Risks and benefits of reducing target volume margins in breast tangent radiotherapy

  • Deepak BasaulaEmail author
  • Alexandra Quinn
  • Amy Walker
  • Vikneswary Batumalai
  • Shivani Kumar
  • Geoff P. Delaney
  • Lois Holloway
Scientific Paper


This study investigates the potential benefits of planning target volume (PTV) margin reduction for whole breast radiotherapy in relation to dose received by organs at risk (OARs), as well as reductions in radiation-induced secondary cancer risk. Such benefits were compared to the increased radiation-induced secondary cancer risk attributed from increased ionizing radiation imaging doses. Ten retrospective patients’ computed tomography datasets were considered. Three computerized treatment plans with varied PTV margins (0, 5 and 10 mm) were created for each patient complying with the Radiation Therapy Oncology Group (RTOG) 1005 protocol requirements. The BEIR VII lifetime attributable risk (LAR) model was used to estimate secondary cancer risk to OARs. The LAR was assessed for all treatment plans considering (a) doses from PTV margin variation and (b) doses from two (daily and weekly) kilovoltage cone beam computed tomography (kV CBCT) imaging protocols during the course of treatment. We found PTV margins from largest to smallest resulted in a mean OAR relative dose reduction of 31% (heart), 28% (lung) and 23% (contralateral breast) and the risk of radiation-induced secondary cancer by a relative 23% (contralateral breast) and 22% (contralateral lung). Daily image-guidance using kV CBCT increased the risk of radiation induced secondary cancer to the contralateral breast and contralateral lung by a relative 1.6–1.9% and 1.9–2.5% respectively. Despite the additional dose from kV CBCT for the two considered imaging protocols, smaller PTV margins would still result in an overall reduction in secondary cancer risk.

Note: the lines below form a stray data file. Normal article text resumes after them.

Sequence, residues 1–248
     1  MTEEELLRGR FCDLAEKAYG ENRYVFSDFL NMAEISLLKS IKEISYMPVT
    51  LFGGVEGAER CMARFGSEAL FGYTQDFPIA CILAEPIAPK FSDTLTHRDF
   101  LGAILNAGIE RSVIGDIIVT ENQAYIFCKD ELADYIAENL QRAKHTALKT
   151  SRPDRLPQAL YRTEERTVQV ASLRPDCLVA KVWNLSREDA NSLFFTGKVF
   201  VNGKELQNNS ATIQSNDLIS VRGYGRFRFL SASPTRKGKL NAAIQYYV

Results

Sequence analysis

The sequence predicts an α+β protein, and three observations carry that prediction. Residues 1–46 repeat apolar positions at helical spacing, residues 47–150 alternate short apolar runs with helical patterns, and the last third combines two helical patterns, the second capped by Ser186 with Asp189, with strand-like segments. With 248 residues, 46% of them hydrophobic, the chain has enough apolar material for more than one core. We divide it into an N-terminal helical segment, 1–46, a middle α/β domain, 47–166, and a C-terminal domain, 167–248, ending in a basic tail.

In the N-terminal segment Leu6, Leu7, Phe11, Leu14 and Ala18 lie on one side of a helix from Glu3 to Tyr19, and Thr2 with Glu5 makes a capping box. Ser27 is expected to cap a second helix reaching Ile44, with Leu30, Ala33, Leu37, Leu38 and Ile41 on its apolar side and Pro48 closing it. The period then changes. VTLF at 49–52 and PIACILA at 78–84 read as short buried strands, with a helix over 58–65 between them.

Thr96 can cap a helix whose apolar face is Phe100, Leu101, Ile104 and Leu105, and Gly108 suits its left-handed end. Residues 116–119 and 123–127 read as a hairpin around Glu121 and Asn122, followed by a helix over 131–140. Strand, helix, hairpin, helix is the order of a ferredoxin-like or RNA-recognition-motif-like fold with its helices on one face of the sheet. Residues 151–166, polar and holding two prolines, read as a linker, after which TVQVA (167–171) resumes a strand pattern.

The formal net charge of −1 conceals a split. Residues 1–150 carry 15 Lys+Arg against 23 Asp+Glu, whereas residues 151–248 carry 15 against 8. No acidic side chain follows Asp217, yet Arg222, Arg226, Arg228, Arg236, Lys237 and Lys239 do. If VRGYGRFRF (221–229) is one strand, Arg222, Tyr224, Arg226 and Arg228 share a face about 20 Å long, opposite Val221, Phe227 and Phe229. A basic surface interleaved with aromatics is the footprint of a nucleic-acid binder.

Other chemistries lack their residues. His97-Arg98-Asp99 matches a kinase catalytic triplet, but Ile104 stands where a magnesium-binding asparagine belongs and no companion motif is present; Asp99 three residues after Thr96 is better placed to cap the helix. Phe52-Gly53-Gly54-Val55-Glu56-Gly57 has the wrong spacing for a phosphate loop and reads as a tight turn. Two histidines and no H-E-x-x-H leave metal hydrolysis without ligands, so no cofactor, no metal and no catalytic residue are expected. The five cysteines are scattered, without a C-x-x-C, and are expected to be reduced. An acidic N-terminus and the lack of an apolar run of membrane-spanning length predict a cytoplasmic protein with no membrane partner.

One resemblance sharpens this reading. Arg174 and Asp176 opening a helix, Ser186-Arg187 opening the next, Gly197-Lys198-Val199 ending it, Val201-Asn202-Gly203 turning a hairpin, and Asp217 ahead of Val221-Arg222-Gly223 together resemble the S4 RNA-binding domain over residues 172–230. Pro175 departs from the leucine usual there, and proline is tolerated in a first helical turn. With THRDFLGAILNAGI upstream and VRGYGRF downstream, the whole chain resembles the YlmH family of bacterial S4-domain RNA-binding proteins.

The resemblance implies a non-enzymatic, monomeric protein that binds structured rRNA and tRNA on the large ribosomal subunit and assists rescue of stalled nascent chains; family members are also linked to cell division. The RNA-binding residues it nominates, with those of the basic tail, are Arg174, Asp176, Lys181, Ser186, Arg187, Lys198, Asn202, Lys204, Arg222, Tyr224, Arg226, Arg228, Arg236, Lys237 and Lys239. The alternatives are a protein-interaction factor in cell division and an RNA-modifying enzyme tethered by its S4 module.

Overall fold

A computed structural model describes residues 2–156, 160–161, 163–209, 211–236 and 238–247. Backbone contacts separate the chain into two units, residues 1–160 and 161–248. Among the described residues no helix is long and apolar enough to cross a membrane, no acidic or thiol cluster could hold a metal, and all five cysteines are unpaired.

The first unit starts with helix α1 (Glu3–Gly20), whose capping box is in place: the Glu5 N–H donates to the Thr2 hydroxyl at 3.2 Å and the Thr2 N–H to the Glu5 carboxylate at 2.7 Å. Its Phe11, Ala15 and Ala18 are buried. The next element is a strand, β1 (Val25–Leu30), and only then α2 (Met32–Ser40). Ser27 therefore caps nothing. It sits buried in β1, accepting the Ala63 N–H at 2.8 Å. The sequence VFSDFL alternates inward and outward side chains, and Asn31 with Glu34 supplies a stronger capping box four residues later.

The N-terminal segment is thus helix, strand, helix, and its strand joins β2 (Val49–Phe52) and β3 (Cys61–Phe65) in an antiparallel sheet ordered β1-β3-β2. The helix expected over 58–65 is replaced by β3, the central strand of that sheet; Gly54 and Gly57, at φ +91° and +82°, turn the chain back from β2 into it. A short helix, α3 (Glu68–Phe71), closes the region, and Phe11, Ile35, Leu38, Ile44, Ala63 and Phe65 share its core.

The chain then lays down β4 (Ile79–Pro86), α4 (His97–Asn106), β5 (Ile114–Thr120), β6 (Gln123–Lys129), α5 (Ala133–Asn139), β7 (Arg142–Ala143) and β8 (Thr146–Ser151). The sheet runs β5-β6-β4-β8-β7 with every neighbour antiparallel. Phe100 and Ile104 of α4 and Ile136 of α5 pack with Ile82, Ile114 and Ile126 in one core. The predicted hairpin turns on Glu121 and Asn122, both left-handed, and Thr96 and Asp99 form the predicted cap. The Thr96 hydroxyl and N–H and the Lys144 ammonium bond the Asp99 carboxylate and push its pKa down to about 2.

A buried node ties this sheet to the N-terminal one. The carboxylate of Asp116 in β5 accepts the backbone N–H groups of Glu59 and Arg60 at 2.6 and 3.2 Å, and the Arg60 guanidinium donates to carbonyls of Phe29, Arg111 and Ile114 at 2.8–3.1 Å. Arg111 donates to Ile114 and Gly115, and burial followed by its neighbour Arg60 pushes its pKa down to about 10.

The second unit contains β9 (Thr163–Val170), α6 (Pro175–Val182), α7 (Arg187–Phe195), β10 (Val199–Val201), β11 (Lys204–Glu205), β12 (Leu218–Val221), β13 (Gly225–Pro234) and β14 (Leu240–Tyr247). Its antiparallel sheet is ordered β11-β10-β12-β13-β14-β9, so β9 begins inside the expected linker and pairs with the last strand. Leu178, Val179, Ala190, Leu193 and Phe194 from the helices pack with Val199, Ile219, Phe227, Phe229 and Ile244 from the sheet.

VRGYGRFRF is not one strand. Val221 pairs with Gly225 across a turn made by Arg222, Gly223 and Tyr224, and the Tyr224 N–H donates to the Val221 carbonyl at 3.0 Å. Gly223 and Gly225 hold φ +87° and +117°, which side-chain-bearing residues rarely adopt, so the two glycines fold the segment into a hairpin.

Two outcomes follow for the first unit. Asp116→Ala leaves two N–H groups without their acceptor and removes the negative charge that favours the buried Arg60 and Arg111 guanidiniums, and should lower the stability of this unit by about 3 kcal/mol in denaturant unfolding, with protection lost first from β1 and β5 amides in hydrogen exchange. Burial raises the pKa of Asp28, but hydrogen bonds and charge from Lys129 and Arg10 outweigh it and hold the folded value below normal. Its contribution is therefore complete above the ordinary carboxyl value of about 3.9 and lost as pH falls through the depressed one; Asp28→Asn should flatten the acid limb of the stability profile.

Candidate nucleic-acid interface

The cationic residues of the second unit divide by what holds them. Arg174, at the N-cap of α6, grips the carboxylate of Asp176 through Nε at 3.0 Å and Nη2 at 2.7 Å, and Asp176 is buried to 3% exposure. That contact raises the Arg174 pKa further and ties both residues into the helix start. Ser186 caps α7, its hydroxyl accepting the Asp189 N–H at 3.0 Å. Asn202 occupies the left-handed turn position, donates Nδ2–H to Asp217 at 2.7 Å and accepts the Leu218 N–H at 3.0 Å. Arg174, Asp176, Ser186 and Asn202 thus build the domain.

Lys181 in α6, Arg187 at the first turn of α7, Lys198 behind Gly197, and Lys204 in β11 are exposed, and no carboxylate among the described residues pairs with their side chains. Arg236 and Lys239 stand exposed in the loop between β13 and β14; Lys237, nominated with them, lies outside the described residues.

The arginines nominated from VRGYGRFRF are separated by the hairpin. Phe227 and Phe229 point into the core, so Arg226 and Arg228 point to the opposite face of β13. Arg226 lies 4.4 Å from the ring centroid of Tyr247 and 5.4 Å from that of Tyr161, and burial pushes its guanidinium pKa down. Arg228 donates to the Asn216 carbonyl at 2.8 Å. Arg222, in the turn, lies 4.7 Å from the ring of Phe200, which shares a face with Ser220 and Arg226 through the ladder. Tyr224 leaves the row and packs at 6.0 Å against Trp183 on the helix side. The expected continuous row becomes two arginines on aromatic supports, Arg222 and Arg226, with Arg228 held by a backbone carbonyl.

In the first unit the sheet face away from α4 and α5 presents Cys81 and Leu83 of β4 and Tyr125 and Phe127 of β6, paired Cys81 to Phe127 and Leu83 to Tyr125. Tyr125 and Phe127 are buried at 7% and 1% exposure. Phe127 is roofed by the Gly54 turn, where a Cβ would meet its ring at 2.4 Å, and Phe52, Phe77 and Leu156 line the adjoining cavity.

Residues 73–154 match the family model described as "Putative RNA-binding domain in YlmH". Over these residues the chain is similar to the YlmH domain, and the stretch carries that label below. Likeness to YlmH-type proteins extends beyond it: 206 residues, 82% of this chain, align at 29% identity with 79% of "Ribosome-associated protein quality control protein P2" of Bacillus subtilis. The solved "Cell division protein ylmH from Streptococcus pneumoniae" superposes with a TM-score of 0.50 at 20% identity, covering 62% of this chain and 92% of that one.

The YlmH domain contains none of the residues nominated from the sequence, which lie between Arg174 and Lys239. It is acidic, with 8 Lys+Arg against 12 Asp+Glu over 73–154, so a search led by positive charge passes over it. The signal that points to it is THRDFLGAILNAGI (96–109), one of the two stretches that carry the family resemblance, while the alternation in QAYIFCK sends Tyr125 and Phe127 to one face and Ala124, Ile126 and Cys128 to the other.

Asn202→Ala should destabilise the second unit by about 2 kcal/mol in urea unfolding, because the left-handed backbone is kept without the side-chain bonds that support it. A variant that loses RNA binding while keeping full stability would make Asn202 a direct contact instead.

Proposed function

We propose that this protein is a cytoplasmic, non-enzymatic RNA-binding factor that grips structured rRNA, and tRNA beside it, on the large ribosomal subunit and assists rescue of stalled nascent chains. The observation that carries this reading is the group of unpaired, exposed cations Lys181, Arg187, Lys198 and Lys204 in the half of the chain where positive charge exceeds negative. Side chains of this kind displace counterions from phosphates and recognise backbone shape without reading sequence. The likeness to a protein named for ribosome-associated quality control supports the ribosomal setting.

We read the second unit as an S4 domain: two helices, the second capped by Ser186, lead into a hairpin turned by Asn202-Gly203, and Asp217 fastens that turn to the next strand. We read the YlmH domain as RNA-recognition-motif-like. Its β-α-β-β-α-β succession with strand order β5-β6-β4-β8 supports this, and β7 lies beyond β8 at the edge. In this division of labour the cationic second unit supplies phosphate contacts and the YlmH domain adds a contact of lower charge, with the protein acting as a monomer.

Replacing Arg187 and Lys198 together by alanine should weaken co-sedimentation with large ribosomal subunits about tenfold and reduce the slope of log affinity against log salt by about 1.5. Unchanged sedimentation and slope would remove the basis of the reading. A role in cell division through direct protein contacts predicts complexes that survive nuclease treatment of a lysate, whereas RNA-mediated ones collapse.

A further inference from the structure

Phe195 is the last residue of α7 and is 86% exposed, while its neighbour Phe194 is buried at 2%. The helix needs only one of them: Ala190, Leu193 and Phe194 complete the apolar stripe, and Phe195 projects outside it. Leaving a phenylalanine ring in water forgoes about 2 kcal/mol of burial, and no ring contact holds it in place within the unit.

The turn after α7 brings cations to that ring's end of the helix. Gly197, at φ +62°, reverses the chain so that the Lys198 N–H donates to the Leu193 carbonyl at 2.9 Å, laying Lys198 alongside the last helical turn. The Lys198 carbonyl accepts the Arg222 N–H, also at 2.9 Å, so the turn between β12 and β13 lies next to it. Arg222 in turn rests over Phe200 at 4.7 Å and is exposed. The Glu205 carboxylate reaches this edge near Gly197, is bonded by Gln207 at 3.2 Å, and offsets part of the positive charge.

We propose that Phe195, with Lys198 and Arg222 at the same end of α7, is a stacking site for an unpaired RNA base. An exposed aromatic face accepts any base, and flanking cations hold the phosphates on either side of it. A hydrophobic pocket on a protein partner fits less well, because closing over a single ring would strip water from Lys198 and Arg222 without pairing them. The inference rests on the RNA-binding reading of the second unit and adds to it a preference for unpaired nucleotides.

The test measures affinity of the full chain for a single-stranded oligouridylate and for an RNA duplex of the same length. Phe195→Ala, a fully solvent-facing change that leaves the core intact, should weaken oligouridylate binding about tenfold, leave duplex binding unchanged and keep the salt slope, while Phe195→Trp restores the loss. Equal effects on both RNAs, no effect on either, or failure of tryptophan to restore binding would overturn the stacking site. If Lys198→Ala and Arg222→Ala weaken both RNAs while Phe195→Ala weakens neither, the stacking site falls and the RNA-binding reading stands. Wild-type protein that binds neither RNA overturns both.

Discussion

Breast radiotherapy Planning target volume Margin Secondary cancer risk Imaging dose 



This work is supported by Cancer Australia and The National Breast Cancer Foundation Grant Project Number 1033237.

Compliance with ethical standards

Conflict of interest

The authors declare that they have no conflict of interest.

Ethical approval

The ethics was approved by the local institutional ethics board.


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Copyright information

© Australasian College of Physical Scientists and Engineers in Medicine 2017

Authors and Affiliations

  1. 1.Department of Medical Physics and Radiation EngineeringThe Canberra HospitalGarranAustralia
  2. 2.Northern Sydney Cancer Therapy CentreRoyal North Shore HospitalSydneyAustralia
  3. 3.Liverpool and Macarthur Cancer Therapy CentresSydneyAustralia
  4. 4.Ingham Institute of Applied Medical ResearchSydneyAustralia
  5. 5.University of New South WalesSydneyAustralia
  6. 6.Centre for Medical Radiation PhysicsUniversity of WollongongWollongongAustralia
  7. 7.Institute of Medical PhysicsUniversity of SydneySydneyAustralia

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